Surfing the Net one night, I came upon an article about a Victorian building in my hometown in England, scheduled for demolition. The high windows and natural stone in the photo triggered a memory of boys from Crabby Jones's class crouching in short grey trousers on the asphalt below and flicking "fag" cards. Without any other connotation in 1950s England, this was their term for collector cards issued by certain cigarette brands. The boys never shared their game, or marbles, or football with us girls. Around the corner in a separate playground, we had other amusements: cartwheels, trading beads, knitting with bobbins, French skipping with elastic bands around our ankles, and variations of tag.

This was Sandown C.E. Junior School, renamed the Broadway Centre, where I attended from ages 7 to 11, the equivalent of US grades 2-5. A nearby building housed the Infants, ages 5 and 6. Beyond the green gate, our "lollipop man" - so called for the shape of his official sign - escorted us across one of the town's main arteries, The Broadway, before and after school and at lunchtime. (Like most pupils, my sister and I walked about a quarter of a mile each way; very few arrived by car.) I'd remembered his name as Mr. Hunnicutt. Then I found an entry about him, complete with yellow-uniformed portrait, in an old exercise book. (See column on left.) It was Mr. Hunnywood.

I could fill a book with my Island childhood. I vowed to do just that as I jumped the waves in Sandown Bay at the age of 10. Birthday parties, carnivals, fetes, even shoplifting, already appear in my published works (ARROWHEAD'S LOST HOARD, HOMEWARD TRACKS, TAPESTRY OF TIME, AREOPAGUS MAGAZINE, FRISCO POETS ANTHOLOGY). Like Laura Ingalls Wilder, I write to keep alive the people and places I love. Writing pins down fleeting impressions of tactile experiences for family, myself, and perhaps a wider audience.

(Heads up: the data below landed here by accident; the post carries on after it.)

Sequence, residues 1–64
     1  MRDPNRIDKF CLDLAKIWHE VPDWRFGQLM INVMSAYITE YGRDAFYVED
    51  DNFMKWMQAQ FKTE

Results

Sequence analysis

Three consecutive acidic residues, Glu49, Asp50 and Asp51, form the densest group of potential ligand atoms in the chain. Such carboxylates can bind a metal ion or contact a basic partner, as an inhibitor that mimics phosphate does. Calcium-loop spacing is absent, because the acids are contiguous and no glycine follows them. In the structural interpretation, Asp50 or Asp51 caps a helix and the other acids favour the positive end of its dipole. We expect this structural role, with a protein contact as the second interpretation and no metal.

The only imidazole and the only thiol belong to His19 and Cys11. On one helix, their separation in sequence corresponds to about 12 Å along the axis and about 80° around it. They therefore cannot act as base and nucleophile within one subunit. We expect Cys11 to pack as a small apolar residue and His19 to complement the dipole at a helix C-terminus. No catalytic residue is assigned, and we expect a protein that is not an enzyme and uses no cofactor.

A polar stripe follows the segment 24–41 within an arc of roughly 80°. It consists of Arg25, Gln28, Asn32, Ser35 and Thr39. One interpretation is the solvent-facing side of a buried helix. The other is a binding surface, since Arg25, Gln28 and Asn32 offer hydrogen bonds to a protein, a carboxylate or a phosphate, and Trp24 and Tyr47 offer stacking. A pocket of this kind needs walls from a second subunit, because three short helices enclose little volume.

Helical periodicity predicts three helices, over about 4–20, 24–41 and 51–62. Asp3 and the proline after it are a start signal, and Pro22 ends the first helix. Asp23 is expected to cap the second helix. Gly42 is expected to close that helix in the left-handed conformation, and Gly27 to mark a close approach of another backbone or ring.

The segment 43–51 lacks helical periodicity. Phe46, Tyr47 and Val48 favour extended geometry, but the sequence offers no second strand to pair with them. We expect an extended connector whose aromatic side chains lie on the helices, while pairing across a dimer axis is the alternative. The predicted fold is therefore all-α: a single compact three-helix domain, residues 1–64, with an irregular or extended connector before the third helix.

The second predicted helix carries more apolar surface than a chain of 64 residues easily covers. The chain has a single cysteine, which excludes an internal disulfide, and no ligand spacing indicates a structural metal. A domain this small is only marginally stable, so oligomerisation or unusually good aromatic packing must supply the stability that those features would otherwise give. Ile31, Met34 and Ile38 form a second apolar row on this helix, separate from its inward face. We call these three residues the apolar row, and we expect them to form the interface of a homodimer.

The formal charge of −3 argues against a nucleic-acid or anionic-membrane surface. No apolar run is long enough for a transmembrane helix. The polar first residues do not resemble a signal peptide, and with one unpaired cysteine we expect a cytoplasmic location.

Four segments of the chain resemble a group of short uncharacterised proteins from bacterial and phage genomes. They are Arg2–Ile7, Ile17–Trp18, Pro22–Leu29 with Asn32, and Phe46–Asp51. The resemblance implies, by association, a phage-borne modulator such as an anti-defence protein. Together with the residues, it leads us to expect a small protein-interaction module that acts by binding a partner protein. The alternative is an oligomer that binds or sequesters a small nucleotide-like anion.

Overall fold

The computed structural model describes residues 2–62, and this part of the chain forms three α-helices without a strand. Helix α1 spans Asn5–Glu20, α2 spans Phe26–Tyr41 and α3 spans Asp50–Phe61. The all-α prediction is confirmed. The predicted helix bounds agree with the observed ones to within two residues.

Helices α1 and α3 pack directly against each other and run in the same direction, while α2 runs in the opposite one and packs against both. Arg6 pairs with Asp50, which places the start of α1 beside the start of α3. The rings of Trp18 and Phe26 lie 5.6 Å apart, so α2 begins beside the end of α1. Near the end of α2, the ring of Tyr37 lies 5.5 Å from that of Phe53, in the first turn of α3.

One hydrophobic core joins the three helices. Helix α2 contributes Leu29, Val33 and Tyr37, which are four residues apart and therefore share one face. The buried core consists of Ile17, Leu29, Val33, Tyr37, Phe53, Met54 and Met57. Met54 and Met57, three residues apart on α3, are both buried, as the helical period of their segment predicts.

Fortunately, the decision about demolition of our old school has been deferred. But even if it goes ahead, no one can steal our memories - as I told my first "bosom buddy" Susan in a recent e-mail. Certain details are imprinted in our minds like indelible ink, though they may be different for each of us.

I like to think we could re-enter that building and hear the echoes of morning hymns, of multiplication tables and folk songs, of a teacher reading to us from Kipling and Twain. The two schools, along with Christ Church up the hill, where we performed our nativity plays and carol services, should all be preserved together. To me they are holy ground. Read More 

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There's a word for it?

Just days after giving up Facebook for Lent, bowing out of the Easter cantata, and going AWOL from two meetings, I chanced upon this snippet in Reader's Digest: "CANCELLELATION: The joy felt by someone who frees up his schedule by canceling an appointment or reneging on a social plan" (from WORDBIRDS, Simon & Schuster).

Yes! I've downed a quadruple dose of that feeling, and hope to do it again. After all, we are retired now, or semi-retired at least. How could my calendar fill up so fast? Have I become my own worst enemy? What happened to all those days that stretched ahead of me when I first moved to the country - time to paint, relax, dream, think, write, nap, read, or do nothing?

No one was depending on me to take a leadership role at the events I missed. Friends missed me, and a part of me missed them too, but, on balance, I knew I'd made the right choice. I owed it to myself. Much as I love people, I still crave periods of solitude. You might call them mental health retreats.

I still show up for (and enjoy) my part-time job, plus church activities and meals with family, but I look forward to less rushing from one meeting to another, and a lot more cancellelation. Read More